I had a question about this difference between Austrian and Keynesian economics:
According to Austrian teaching, saving money, not spending (Keynes) it, leads to increased wealth.
Fine: but money spent will end up as savings in shop-employees (& owners) bankaccounts, so this savings accumulation follows a (wealth increasing) financial transaction.
Makes you woder how the Austrians are right, and the Keynesians are not? Since the Austrians forego a financial transaction, it may seem as if Keynes was right here.
So Ibasked this question in the facebook group “Praxeological science”. The answer I got was very helpful in recognizing the short-coming in my own reasoning. Namely, that the shopkeeper turns into a consumer, and the following shopkeepers also follow this same cycle.
Now, when the interest rate is very low, there’s not much point in saving, so the consumer will simply re-spend the money quickly. Thereby turning the shopkeeper into a future consumer with that money.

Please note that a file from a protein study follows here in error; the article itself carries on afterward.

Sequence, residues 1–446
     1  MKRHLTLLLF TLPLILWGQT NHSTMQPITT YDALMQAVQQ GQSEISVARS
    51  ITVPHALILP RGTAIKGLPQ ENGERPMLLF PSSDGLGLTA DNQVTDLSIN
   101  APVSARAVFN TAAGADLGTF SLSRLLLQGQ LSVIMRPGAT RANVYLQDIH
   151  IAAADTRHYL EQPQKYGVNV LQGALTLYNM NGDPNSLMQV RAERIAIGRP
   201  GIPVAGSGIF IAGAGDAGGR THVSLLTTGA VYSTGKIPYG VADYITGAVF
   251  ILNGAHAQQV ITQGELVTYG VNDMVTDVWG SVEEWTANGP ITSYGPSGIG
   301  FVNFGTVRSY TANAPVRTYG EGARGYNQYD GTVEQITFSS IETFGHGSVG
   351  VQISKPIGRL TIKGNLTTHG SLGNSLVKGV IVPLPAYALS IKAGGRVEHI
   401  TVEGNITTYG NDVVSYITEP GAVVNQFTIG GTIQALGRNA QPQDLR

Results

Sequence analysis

He will very likely (at least, if the Keynesians get their way) also not save, but spend. This way money is forever in transit, meaning banks have no idea of the size of the supply of money they can lend out. Money may be in checking accounts in banks (maybe even the same bank), but checking accounts don’t have the most stable balance: they exist for money to be drawn out of frequently, savings accounts yield interest, because the money in them can be lent out with much more comfort: their balances are much more stable/predictable.
Also, the Austrians do not forego a financial transaction, rather they defer (postpone) a consumer transaction to gain a producer one. So suddenly, the Austrian schol is up one transaction!